Sri Lanka‘s president has lifted the suspension of parliament and scheduled a meeting of the legislature on November 5 amid mounting pressure to end a political crisis.
President Maithripala Sirisena named Mahinda Rajapaksa – a former two-time president – as prime minister on Friday after abruptly dismissing the government of Ranil Wickremesinghe.
“President has decided to reconvene the parliament on 5th,” Rajapaksa said addressing a meeting at the prime minister’s office in the capital, Colombo.
The move will allow the 225-member House to choose between Rajapaksa and his opponent Wickremesinghe, who has been demanding that his United National Party (UNP) be allowed to prove its majority on the floor of the House.
“The people’s voices have been heard,” Wickremesinghe tweeted following the presidential decision. “Democracy will prevail”.
The UNP welcomed the move with Ajith Perera, a UNP legislator, saying the party was confident of winning support for Wickremesinghe in parliament.
“We have 124 legislators with us. When parliament is convened, we will show our majority,” he said at a news conference.
However, Wickremesinghe’s UNP, which had the backing of 106 legislators prior to the crisis, has been hit by a number of defections in recent days.
At least five UNP parliamentarians crossed over to Sirisena’s United People’s Freedom Alliance (UPFA). The coalition of parties had 96 legislators before the crisis erupted.
Observers say the stand of minority parties, the Tamil National Alliance (TNA) and the People’s Liberation Front, which command together the support of 22 legislators, will be critical.
MA Sumanthiran, the leader of TNA, said his party would make a decision after the parliament session.
“The main reason for this crisis was the way in which Sirisena appointed Rajapaksa,” Sumanthiran told reporters. “The TNA will make its decision after considering violations of the constitution and the law.”
But Rajapaksa told Al Jazeera on Thursday that he had the support of “130” parliamentarians and he would be able to prove a majority in parliament.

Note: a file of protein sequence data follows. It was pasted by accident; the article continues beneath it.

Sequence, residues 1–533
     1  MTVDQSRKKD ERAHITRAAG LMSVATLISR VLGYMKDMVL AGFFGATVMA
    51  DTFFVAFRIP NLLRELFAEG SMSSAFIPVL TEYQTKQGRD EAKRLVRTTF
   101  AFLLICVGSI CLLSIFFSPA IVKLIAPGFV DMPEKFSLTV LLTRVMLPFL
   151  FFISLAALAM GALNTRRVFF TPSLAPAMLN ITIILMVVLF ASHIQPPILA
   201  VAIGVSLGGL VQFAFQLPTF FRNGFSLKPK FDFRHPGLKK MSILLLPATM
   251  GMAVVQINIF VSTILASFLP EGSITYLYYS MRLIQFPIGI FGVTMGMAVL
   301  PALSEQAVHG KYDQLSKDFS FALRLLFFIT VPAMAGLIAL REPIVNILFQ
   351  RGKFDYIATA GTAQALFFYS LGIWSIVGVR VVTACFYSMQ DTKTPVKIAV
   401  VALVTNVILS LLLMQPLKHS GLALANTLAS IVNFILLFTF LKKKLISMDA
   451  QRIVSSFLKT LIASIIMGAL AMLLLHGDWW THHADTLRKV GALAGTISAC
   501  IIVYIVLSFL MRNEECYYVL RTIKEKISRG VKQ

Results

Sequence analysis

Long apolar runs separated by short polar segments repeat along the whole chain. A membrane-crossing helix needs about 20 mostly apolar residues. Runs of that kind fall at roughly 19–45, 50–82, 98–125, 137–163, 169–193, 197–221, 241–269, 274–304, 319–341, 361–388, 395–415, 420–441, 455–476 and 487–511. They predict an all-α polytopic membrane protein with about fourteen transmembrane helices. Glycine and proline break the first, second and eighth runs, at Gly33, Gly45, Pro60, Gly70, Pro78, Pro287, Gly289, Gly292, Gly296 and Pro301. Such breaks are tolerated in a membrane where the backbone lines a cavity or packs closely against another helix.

Wickremesinghe has said his removal is unconstitutional and has questioned Sirisena’s earlier decision to prorogue the parliament till November 16.
His demand for an earlier session to resolve the political crisis was backed by political parties and foreign powers.
The move comes a day after President Sirisena and Speaker of parliament, Karu Jayasuriya, who belongs to sacked prime minister’s UNP party, held a meeting during which the president asked the Speaker to recognise Rajapaksa as the lawful prime minister.
Chaminda Gamage, spokesman for the Speaker, told Al Jazeera the parliament’s secretariat informed the Speaker they would act according to the president’s orders and treat Rajapaksa as the prime minister.
“The secretary of the parliament, the sergeant at arms and other staff are officials of the state and they said have to follow the president’s orders. The speaker will not obstruct that,” he said.
The appointment of Rajapaksa, a former president accused of human rights abuses and corruption, drew widespread concern, with critics saying the president did not have the authority to name a new prime minister until the incumbent was defeated in a no-confidence vote.
The surprise moves, which critics denounced as a “coup”, drew tens of thousands of protesters to the streets of Colombo on Tuesday.
Despite the dispute over the legality of his appointment, the newly appointed prime minister continued to consolidate power. On Wednesday, Rajapaksa assumed the finance minister’s duties and officials said he was expected to begin work on the state budget for 2018 soon.
Wickremesinghe, meanwhile, remained holed up in the prime minister’s official residence at Temple Trees, where Buddhist monks have been reciting prayers throughout the day.
The overthrown prime minister, whose popularity is declining amid widespread anger over costs of living, insisted he commanded majority support in the House.
Additional reporting by Rathindra Kuruwita from Colombo